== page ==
Thursday, 13 January 2011

Judith Edge 06 shunter

I have been working on and off for several months on a Barclay Class 06 shunter, based around an etch from Judith Edge (shot down from 4mm).

First stage was to build up the main bodyshell using the parts provided:

This prototype has a rather narrow bonnet (something like 7mm inside width) that won't fit most types of motor, so it presents something of a challenge to design a workable mechanism. Particularly as it is my first scratchbuilt chassis!

The next photo shows the body attached to the basic structure of the chassis. The frames are made from thin PCB, and spacers are solid brass (as per Nigel Cliffe's DY1 article). The Judith Edge etch does include frames but I wanted to use the PCB method with solid brass spacers to maximise weight.

The third photo shows the spacers more clearly. They are tapped for the 12BA screws that hold the frames on - the screw heads will be hidden behind steps eventually. They are drilled to a clearance fit for two further screws which attach to captive nuts on the top of the footplate (inside the cab and front bonnet), thus holding the body and chassis together. The third axle bearing in each frame will support the jackshaft.

I decided to try one of Nigel Lawton's "micro-motors" as these are narrow enough to fit in the bonnet, thus keeping the cab empty. I spent quite a considerable time pondering how to fit in a mechanism and also experimenting with how to mount the motor etc. I settled on the arrangement you see below, with a 3-stage reduction. The initial stage is via one of Nigel Lawton's rubber band drives, followed by a conventional Association 21:1 worm, and finally 14:20 spur gears. The latter are the new metric M0.3 gears, as these had the most suitable diameters. Due to the narrow width I was severely limited in the choice of gears to fit on the wormwheel cross-shaft. There was also a limitation due to the rather small 7mm driving wheels. The overall reduction works out at something like 108:1.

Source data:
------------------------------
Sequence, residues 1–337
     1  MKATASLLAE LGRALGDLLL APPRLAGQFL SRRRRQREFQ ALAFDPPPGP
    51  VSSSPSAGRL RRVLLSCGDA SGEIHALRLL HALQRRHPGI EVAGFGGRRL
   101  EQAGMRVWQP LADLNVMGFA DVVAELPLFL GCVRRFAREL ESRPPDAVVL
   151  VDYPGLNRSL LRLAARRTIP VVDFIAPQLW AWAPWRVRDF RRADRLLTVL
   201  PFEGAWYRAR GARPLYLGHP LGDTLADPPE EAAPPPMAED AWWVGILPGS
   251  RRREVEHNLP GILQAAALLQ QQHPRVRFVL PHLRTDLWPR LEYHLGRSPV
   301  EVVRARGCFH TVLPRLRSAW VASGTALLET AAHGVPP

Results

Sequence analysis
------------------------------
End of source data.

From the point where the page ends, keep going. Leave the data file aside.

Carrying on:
The intermediate gear shafts are held in a simple "gearbox" folded up from a scrap part of the kit etch. The "motor mount" is simply a piece of PCB hollowed out to an interference fit. It is bolted on to the gearbox so that the whole can be dismantled and the motor and/or rubber band drive can be replaced. Notice also the resistor between the motor and frame, recommended because these motors are rated only for 6V.

Amazingly, the mechanism now fits inside the body. However, it is rather temperamental, and I'm in the process of "tweaking" the setup to get the motor to turn happily in both directions. I got it to work initially but rather infuriatingly ruined the alignment somehow while modifying it to fit in the body! The problem is that the gearbox needs bending slightly to achieve minimum resistance on the worm and the correct meshing distance for the gears. In theory this will allow me to correct for my inaccuracy in marking, drilling and folding it up. In practice it is remarkably difficult to get right. Hopefully I will be able to get it turning OK, fit the wheels, and be able to move along the track! I'm not particularly confident in its running abilities, but it is after all my first chassis.


Yorkshire Square said...

Nice work Anthony.

How are you fixing the motor/gear arrangement within the chassis?

Anthony Yeates said...

The gearbox is just soldered to one of the frames. It does have some wobble with not being attached to the other frame, but I'm hoping that this doesn't cause a problem.

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